Based on the 2008 novel of the same by Canadian author Rawi Hage, Jonathan Garfinkel’s Cockroach is a story about failure, namely the failure of multiculturalism in Canada. Uncomfortable truths come to surface in this play that rips the seams of our nation’s beloved cultural mosaic during a time of heightened awareness around newcomers and refugees.
Enjoying its world premiere at Alberta Theatre Projects, Cockroach stages the journey of an unnamed Middle Eastern immigrant (Haysam Kadri) in 1990s Montreal. The play opens with The Narrator waiting patiently for Shohreh (Daniela Vlaskalic), a troubled young woman from Tehran, in the dingy basement of the restaurant where he works, as a busboy. Through flashbacks, the audience learns more about the Narrator’s past in his home country, and his experience living in Canada as an immigrant. More about the Narrator’s life is revealed during his state-mandated therapy sessions with Genevieve (Carmen Grant), a psychiatrist whose privilege as a white Canadian stands as an obstacle between the two.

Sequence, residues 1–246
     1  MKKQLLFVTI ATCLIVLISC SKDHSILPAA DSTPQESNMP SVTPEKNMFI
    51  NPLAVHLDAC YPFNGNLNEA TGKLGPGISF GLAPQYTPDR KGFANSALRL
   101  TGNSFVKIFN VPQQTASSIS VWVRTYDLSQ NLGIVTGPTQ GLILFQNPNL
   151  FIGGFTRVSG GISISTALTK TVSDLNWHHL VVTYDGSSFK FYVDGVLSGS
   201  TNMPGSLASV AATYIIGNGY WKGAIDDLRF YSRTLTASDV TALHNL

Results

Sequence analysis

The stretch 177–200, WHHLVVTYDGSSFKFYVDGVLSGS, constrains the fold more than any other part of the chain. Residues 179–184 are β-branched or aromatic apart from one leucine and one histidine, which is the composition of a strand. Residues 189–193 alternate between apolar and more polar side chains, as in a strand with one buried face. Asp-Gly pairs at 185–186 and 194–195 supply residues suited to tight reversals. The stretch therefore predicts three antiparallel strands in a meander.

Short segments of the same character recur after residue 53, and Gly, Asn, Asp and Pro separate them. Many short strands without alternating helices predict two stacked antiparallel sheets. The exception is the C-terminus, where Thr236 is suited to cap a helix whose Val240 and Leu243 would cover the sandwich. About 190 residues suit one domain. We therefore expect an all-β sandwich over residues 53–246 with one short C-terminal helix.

Gun in hand, the Narrator continues waiting for Shohreh in the present, preparing himself for a decision that will change his life forever.
Addressing the Syrian Refugee Crisis, Garfinkel writes (in his Playwright’s Notes) that Cockroach is not about the debate surrounding whether or not to let refugees into Canada, but about life after arrival for immigrants. The play goes beyond the feel-good propaganda of multiculturalism, choosing to present instead a less-than-glamorous portrayal of a predominantly white society where racial prejudice and discrimination exist, whether the Canadian public wants to believe it or not.
From the bottom looking upwards, the Narrator sees Canada as a nation of hypocrites. Lying underneath Canada’s “perfect white skin” is a history of cultural genocide, systemic racism and fear of the Other – which presented itself in full force during the 2003 SARS Outbreak. Genevieve buys into the myth of Canadian multiculturalism, while the Narrator lives its failed promises everyday, making their relationship tense as a result. Although he may be uneducated and afflicted by mental health issues, the Narrator’s difficulty adjusting to life in Canada is not made any easier by living in the slums of a country steeped in inequality.